This is also covered by the Microsoft bunch at Ars Technica (Emil) and other Microsoft reporters.
In February 2009, news broke that Microsoft had filed a patent infringement lawsuit against TomTom, alleging that the device maker’s products, including some that are Linux-based, infringe on patents related to Microsoft’s FAT32 filesystem. In March 2009, Microsoft and TomTom settled their controversial patent dispute, TomTom licensed the patents from Microsoft, and stated its intent to remove from its Linux kernel the code that is covered by the patents.
We have covered the TomTom case very extensively and also explained why Microsoft had ambushed the market with FAT. Microsoft is not alone though.
Rambus used submarine patents (or an ambush) in order to penalise all of its competitors [1, 2, 3, 4, 5, 6, 7, 8, 9, 10]. Rambus was brought to court over this type of abuse and right now it is trying to escape punishment in Europe.
The American memory chip designer has been fighting allegations that it intentionally concealed that it had patents and patent applications connected to DRAM chips, which later became an industry standard. It’s accused of charging abusive licensing rates for the technology once its “patent ambush” was sprung.
In an hypothetical industry that prioritises progress, Rambus and Microsoft deserve to have the patents in question rubbished and all royalties previously paid to them refunded over time. If the patent system becomes a tool of deception, then The Christian Science Monitor is probably right and the patent system (including USPTO) deserves to be rubbished along with all those patents. To quote Richard Stallman (regarding EPO earlier this year [1, 2] ): “The European Patent Office is a corrupt, malicious organisation which should not exist.” Stallman argues that if it stands in our way, then we should “get rid of it too.”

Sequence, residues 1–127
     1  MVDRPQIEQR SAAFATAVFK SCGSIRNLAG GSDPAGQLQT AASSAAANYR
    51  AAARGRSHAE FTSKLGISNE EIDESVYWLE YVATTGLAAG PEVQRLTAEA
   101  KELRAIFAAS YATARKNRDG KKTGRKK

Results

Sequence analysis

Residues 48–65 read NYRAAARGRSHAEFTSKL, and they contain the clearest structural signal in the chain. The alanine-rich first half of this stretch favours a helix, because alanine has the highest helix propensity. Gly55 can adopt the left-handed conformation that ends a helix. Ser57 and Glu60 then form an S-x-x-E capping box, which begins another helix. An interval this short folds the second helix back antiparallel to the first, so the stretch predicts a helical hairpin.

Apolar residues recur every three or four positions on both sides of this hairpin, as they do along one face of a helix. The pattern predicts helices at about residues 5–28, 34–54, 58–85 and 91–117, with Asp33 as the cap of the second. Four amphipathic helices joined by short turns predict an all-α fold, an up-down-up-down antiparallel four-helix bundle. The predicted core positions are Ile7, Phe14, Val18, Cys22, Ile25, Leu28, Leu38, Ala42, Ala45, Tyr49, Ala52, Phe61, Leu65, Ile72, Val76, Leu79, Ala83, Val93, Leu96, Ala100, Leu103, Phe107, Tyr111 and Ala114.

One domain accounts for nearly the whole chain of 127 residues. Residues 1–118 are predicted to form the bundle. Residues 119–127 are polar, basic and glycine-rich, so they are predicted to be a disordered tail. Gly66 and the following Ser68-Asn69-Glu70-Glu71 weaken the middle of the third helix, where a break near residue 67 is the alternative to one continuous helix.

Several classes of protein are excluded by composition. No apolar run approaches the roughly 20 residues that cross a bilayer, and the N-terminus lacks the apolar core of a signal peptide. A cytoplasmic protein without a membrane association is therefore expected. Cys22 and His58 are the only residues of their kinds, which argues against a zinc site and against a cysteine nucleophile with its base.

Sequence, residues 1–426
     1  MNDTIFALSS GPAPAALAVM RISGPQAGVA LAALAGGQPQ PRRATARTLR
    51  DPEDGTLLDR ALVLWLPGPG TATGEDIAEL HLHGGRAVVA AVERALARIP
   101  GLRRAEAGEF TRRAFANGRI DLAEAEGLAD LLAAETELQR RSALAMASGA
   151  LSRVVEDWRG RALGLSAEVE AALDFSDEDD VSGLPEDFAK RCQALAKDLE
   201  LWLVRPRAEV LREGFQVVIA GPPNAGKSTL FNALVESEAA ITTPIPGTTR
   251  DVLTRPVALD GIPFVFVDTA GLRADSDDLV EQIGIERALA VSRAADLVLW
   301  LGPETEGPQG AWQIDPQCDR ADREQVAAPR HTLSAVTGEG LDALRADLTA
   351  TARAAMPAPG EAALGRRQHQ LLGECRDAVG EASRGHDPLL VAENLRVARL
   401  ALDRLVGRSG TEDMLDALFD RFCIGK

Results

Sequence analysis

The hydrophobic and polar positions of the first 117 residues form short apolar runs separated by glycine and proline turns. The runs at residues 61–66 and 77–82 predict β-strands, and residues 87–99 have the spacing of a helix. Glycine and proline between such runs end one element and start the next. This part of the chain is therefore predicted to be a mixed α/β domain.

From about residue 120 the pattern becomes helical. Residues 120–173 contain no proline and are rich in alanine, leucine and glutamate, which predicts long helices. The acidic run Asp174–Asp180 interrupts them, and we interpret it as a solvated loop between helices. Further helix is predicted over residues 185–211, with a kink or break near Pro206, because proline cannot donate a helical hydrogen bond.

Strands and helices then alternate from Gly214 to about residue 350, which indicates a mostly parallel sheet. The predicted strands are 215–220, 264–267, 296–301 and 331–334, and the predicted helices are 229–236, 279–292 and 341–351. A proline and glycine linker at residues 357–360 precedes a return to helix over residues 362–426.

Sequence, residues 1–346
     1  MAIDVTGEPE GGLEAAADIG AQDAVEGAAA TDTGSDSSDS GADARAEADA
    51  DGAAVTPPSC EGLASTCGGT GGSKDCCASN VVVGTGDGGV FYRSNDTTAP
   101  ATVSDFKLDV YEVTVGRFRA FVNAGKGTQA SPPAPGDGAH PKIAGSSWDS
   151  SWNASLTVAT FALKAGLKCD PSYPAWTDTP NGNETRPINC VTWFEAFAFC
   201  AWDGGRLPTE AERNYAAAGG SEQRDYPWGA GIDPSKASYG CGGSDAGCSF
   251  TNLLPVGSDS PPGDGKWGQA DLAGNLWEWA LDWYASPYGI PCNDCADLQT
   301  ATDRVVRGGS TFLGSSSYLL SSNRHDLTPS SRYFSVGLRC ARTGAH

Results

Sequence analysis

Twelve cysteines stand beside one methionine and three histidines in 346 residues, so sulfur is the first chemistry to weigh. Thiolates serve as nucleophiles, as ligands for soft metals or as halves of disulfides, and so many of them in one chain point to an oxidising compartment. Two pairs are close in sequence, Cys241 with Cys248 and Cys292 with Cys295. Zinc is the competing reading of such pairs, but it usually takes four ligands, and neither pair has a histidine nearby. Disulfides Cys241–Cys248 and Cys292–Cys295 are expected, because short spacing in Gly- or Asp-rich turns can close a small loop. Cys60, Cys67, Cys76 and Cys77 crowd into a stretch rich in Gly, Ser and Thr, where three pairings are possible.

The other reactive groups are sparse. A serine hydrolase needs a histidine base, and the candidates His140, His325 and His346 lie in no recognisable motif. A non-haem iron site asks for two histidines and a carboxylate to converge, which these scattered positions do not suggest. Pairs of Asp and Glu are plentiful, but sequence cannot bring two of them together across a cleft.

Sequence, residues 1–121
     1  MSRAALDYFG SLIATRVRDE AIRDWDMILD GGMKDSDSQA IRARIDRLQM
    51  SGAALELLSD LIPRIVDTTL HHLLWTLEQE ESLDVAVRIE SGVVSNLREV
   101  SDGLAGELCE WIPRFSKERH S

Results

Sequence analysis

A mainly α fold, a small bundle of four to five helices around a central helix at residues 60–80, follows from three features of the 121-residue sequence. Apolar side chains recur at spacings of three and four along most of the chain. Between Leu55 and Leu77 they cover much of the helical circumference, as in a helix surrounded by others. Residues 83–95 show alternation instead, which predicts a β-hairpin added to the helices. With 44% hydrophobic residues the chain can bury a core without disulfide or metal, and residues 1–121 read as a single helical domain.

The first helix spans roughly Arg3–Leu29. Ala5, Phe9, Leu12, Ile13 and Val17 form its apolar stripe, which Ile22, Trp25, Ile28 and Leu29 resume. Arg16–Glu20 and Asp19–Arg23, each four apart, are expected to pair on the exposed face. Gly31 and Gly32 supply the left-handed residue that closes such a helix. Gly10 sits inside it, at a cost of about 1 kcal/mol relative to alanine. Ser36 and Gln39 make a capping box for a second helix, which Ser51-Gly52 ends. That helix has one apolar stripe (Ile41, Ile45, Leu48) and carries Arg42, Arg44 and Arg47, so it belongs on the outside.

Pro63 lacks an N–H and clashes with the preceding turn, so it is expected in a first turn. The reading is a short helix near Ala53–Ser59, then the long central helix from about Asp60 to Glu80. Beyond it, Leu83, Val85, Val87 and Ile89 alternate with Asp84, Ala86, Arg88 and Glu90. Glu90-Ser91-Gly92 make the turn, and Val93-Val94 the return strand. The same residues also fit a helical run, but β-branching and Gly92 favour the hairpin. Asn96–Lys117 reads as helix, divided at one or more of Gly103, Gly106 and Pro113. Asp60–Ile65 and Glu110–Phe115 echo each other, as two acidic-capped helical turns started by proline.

RPX: Return of the Uber-Patent Harvester
We previously wrote about RPX in [1, 2, 3, 4, 5, 6, 7]. In short, it’s a useless behemoth that only accumulates patents and then offers “protection”. Georg Greve has just described RPX rather politely by writing “When your business plan is a euphemism for “protection racket”…”
Greve is the founder of the Free Software Foundation Europe (FSFE) and he links to what he describes as a “Good article on the reality of software patents.”
Kleiner Perkins Caufield & Byers is well known for the venture capital it brought to great innovations involving computers, health and energy. One of its latest startups is based on an entrepreneurial idea that may or may not be great but is very interesting: helping companies hand over money for mostly bogus legal claims involving patents.
This particular startup, RPX, doesn’t describe itself that way. In fact, it makes a good case that its goal is to help companies, many of them in the tech industry, make the best of the bad situation that is the U.S. patent system. The fact that patent holders and lawyers will end up with money they don’t deserve reflects nothing about RPX but a lot about a system filled with rot.
If you think patents protect plucky innovators and their groundbreaking inventions, you haven’t been paying attention. Patents have evolved into an extortion scheme that hurts real inventors far more than it helps them.
Of course it does. Patents are about protecting monopolies, not protecting innovation. It’s a protectionist measure where the “protected” subject is revenue, not science. It is about investors, not inventors.
There is this new transcript of Richard Stallman on software patents:
The Danger of Software Patents
This is the transcript of a talk presented by Richard M. Stallman on 8 October 2009 at Victoria University of Wellington.
There are also videos of previous Stallman talks which cover the same subject.
Patents Versus Survival
On a couple of occasions earlier this week we wrote about the harms caused to the environment by patents. Check out this new report:
Preservation of IP: One of Many Goals in Copenhagen
The Chamber’s Global Intellectual Property Center (GIPC) has been front and center in this debate, and our position is clear: if governments are serious about addressing climate change, and all agree that new technologies are a vital part of the answer, then IP laws and rights need to be protected in any Copenhagen agreement. Indeed, in our view, a Copenhagen Summit with NO mention of IP at all is a successful conclusion. Current international laws and norms are working, and need to be preserved.
To which Glyn Moody responds with:
Got that? Stuff the environment, we’ve got to protect the *important* things in life, like intellectual monopolies…
Indeed. Here is a touching report on the subject. █